I lived through Hurricane Ike and have several relatives who lived through Hurricane Katrina. We went 14 days without electricity and I came really close to losing my mind. Two things I learned: 1. the worst part of not having electricity is not the lack of air condition (although that did very much suck). The worst part was the darkness at night. Basic tasks become impossible in the dark. Once the sun sets you go to sleep because there isn't much else to do. Flashlights are great until you forget where you put the flashlight and its pitch black. Cell phones are very useful for illumination until they lose their charge. 2. Ice is the most valuable commodity when you don't have electricity. Stores will eventually restock bottled water, canned food, ect... Ice was the one product that I saw people literally fighting over and huge pallets of it would disappear within minutes of being placed. Another thing - if you are involved in a massive disruption you are pretty much on your own in that you cannot rely on police or ambulance to come to your aid - they are overwhelmed. One good aspect of the whole ordeal was that I met and *gasp* actually talked to many of my neighbors. It was interesting to see that human beings are actually quite good at banding together during times of extreme duress. Of course, once the power was restored we went back to our indifferent ways but at least I know my neighbors now! Finally, contrary to popular belief, there was no mass hysteria, no large group of roving bandits breaking into stores or looting homes. I have a feeling that potential criminals knew they would have been shot on site because people were on edge. This is Texas after all.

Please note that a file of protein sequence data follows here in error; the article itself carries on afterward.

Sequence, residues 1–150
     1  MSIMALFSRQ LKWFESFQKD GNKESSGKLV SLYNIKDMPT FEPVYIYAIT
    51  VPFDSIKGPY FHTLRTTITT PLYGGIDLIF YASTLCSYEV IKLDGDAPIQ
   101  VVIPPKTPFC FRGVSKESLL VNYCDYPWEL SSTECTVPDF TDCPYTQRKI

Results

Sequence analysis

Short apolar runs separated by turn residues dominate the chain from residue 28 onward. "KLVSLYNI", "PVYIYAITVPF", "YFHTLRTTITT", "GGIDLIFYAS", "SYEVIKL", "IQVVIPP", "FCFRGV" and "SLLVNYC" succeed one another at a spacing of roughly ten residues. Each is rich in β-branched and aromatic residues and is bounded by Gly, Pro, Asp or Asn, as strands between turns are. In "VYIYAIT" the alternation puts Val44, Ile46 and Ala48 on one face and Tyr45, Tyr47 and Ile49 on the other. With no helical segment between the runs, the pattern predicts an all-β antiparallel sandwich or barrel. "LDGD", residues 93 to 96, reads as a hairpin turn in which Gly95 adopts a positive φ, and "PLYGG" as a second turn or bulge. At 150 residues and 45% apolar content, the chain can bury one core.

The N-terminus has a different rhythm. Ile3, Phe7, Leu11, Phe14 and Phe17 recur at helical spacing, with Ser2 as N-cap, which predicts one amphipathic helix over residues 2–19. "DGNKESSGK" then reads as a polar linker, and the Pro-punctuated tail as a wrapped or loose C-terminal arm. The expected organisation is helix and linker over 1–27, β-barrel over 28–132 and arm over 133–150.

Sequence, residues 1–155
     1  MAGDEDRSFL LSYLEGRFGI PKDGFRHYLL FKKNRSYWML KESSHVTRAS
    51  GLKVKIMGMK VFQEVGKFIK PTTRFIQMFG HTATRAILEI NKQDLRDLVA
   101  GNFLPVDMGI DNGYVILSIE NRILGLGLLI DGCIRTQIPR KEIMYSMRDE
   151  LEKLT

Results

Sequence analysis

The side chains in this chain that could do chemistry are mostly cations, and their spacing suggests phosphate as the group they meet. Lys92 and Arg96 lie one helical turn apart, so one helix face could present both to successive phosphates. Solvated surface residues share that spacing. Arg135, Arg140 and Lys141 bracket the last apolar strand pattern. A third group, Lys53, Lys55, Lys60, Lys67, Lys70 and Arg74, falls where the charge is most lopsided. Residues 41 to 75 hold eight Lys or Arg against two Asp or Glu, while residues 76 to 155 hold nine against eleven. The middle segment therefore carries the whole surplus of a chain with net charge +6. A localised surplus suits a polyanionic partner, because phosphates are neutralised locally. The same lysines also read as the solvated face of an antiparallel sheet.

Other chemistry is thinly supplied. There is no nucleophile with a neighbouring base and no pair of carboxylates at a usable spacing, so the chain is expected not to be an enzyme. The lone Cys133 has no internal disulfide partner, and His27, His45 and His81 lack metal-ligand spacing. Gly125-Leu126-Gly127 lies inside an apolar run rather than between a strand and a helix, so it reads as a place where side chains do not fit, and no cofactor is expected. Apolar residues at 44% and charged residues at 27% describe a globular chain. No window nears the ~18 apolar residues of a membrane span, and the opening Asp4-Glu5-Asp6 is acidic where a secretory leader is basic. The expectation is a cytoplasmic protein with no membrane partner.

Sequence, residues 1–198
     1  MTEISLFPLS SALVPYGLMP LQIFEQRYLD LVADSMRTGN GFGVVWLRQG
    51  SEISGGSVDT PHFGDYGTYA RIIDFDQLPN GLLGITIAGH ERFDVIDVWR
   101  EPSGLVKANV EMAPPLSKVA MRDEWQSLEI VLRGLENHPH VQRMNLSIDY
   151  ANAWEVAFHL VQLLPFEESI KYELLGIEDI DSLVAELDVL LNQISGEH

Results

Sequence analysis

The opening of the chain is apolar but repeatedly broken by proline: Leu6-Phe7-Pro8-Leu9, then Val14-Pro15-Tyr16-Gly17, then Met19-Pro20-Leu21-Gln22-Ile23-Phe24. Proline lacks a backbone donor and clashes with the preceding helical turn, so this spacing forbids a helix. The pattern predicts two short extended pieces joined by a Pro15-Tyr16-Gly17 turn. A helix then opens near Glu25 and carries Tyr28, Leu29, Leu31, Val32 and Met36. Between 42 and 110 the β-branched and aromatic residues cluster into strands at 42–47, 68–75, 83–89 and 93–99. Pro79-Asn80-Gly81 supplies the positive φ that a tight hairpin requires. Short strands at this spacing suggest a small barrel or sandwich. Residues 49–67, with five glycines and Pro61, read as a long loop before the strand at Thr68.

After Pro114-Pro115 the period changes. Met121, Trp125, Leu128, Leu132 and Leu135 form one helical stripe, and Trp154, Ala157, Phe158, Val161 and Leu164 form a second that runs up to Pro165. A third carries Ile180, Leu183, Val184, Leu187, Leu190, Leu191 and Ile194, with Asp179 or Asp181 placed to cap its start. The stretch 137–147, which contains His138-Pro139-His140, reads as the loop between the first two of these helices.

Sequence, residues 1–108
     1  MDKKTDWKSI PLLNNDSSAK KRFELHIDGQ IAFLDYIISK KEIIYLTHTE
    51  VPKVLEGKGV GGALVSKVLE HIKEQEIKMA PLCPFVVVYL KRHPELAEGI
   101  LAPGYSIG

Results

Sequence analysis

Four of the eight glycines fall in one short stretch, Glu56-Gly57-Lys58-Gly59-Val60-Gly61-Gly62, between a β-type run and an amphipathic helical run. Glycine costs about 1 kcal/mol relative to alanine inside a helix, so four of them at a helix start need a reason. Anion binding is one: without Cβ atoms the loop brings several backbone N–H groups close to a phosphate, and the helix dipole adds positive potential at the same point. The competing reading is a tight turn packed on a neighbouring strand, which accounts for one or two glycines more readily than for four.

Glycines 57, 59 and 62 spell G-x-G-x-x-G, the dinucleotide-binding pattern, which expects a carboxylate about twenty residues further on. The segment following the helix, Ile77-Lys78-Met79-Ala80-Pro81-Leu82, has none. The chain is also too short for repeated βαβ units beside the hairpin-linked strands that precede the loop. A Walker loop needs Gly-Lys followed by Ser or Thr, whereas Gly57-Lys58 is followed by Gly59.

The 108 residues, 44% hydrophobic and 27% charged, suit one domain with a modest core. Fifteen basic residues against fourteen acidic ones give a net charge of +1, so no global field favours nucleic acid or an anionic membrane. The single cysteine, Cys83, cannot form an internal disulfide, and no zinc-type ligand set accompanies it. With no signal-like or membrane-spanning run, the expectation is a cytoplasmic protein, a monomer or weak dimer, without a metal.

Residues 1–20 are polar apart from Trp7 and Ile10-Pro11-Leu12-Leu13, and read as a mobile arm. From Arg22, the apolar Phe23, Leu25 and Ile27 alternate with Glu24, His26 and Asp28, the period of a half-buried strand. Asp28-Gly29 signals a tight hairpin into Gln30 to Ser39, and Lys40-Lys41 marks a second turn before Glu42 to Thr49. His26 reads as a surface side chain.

Semantics. Substitute the word "documents" for "evidence" if it bothers you that much. Either way, if your argument is "sorry judge, we can't produce all those relevant e-mails you wanted us to produce because they no longer exist" then you might as well just write a check to the other side.